at the level of communities or regions. The contrast between the two is
very important in both the benefits and detriments of each perspective
may be exclusionary in both practical and theoretical aspect.
Three steps lead criteria for comparison, analysis and planning of cases
of cultural heritage management: experience, creativity and innovation.
To these three criteria further add two important criteria that guide
the three previous ones, which are the teaching and information. These
criteria, their level correspond to the effect of "efficiency and
utility, and ultimately sustainability, which will be planning projects
during the course.
Course Learning Objectives
1. Identify the key factors influencing the demand for visual and
performing arts as well as for the enjoyment of cultural heritage;
analyze the impact of changes in the dominant factors in consumption
demand and farm gear.
2. Identify the key factors that influence production of the visual and
performing arts, as well as places to display and preserve cultural
3. Consider management and legal decisions that influence the markets in
the preservation of art and cultural heritage. We will try to determine
why there is an exhibition or an offer to certain visual arts and other
non-sale; analyze management decisions to offer a repertoire of
performances in a season; analyze the social decision to spend resources
on preserving the heritage monuments.
4. Delineate the characteristics of markets for the visual and
performing arts, as well as the difficulties in observing a market for
cultural heritage, explaining the pricing and then leave the decision on
the visual and performance art markets, and determining the fee for
cultural heritage sites.
5. Take a conviction, an economic discussion Economically-based public
support for arts and culture, whether its manifestations are helpful,
nonprofit, or efforts funded.
Students enrolling this course should be interested in Latin American
issues, but not necessarily in anthropology and archaeology. The
dynamics of the class will improve with the participation of students
from sociology, economy or education programs, mostly because I foresee
treating the concept of Cultural Heritage as a very dynamic and
socially-based feature not restricted to the physical churches,
archaeological sites or other artifacts but the societies that house
them. In the same vein, student’s interest in different countries in
Latin America will be a plus for the course. While the contents of the
sessions might concentrate in cases drawn from the Andean region, in the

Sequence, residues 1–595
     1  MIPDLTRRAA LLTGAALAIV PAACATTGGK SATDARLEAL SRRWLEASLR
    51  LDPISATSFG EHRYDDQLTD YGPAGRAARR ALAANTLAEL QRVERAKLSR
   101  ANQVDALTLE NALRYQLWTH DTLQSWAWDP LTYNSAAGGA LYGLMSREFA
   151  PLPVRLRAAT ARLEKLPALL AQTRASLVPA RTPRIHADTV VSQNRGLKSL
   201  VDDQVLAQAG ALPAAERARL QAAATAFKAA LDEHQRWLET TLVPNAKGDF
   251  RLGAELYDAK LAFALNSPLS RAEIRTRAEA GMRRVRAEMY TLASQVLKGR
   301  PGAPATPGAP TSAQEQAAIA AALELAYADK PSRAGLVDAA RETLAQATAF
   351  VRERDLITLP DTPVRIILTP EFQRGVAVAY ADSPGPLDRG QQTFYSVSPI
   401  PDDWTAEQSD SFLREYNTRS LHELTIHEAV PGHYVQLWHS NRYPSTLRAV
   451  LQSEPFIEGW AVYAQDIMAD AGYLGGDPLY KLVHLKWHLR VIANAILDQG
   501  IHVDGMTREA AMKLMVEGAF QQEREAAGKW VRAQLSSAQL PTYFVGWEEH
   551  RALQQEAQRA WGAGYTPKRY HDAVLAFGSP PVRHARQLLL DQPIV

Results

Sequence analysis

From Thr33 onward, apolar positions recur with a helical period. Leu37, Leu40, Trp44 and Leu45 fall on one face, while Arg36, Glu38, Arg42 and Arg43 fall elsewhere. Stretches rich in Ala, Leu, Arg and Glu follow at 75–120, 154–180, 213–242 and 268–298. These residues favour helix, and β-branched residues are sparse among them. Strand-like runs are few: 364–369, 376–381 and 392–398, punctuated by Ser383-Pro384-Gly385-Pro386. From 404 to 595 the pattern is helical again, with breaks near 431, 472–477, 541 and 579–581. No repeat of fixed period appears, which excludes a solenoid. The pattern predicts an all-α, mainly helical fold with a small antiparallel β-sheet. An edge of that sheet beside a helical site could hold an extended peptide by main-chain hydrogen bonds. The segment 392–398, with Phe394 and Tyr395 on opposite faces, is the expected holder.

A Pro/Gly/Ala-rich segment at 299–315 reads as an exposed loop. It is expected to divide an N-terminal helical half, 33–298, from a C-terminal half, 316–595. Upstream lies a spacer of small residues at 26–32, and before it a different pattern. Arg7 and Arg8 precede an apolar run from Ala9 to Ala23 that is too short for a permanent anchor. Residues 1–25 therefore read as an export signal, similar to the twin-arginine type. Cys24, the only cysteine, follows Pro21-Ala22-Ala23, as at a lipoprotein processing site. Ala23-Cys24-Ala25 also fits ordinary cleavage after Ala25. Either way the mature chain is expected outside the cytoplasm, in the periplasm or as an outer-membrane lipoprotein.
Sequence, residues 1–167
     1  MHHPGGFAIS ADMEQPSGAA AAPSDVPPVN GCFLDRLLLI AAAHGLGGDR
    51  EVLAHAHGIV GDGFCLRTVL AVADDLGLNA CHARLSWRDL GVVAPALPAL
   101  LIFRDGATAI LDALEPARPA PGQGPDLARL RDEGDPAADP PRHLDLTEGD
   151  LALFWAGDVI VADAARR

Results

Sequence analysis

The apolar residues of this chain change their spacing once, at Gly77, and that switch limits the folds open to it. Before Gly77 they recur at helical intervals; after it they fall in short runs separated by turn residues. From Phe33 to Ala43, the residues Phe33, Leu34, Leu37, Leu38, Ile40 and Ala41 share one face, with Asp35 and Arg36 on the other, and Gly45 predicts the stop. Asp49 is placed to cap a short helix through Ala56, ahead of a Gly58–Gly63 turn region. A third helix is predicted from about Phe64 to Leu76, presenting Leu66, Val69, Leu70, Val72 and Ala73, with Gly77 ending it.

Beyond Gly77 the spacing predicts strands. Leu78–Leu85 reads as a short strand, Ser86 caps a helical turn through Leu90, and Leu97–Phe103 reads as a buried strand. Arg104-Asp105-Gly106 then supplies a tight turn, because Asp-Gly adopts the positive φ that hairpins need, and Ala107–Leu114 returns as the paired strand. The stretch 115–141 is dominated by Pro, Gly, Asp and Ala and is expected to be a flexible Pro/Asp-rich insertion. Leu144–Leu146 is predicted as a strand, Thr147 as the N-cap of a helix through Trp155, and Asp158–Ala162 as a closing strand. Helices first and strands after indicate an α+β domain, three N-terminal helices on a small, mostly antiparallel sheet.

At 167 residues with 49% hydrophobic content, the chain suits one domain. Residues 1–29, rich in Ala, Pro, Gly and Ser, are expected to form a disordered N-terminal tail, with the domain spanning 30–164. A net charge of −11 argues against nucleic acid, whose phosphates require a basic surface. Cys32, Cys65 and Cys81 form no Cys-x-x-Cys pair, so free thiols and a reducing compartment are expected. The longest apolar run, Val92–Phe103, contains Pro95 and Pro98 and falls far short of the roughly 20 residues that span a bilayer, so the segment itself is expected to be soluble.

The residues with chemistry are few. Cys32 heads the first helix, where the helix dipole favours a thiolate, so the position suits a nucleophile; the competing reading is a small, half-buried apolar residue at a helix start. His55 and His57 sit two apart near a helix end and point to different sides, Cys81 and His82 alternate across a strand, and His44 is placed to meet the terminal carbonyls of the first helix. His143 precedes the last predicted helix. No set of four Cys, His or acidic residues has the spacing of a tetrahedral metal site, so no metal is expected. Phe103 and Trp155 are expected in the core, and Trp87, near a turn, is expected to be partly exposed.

big picture we will pursue comparative means to assess the progress in
the field of cultural heritage of countries in regional groups (the
Andean countries) with other regions such as the Mediterranean.
The proposed formal requirements for the course will be:
(1) One take-home essay that will be commented in one class (at midterm)
(2) A short research paper (max. 10-12 pages without references) to be
completed for the penultimate class [factor .25].
(3) Sitting for a final set of essay questions, as a final exam. [factor
(4) Participation in the class discussions [factor .25]. Attendance is
important to fulfill this requirement.
The research paper
Students in this course will have to prepare a research paper (having a
maximum of 12 double-spaced pages, including up to two pages of
references consulted ... the ideal length for the 15 minute
presentation). The subject of the research paper will be defined within
the first five sessions of the course, referring to the personal
interests of students in certain academic subjects related to the study
of management of cultural heritage and the arts (i.e. a study of these
matters of a sociological, economic, educational, directive, or policy).
Namely accomplish the following steps:
1. Select a cultural resource or a cultural project (such as a theater,
a museum or an archaeological site, organizing a festival, creating a
museum, an archaeological park, or a gallery);
2. Give an assessment of the issue of financing and managing cultural
resources on watching the public's help, financial and academic;
3. Discuss how public aid has influenced the selection of exhibits, sale
items, the fee structure or operations;
4. Examine the impact of public support for resource development and
cultural activities and,
5. Determine critical ethical dilemmas introduced in art markets and
cultural resources in attempting to overcome the inefficiency and lack
of market. In selecting and describing a problem, students will
demonstrate their ability to (a) analyzing and determining the public
policy for arts and cultural heritage, and (b) communicating their
analysis in clear and precise.
There will be no text book for this course. A diverse selection of book
chapters and journal articles, with mandatory and optional readings,
will drastically enhance the student’s perception of how cultural
tangible and intangible heritage is managed in Latin America. We will
address general issues, historical trajectories and legislation in the
first part. The second part will concentrate on case studies, both of
single projects or multidisciplinary long-term projects in the region.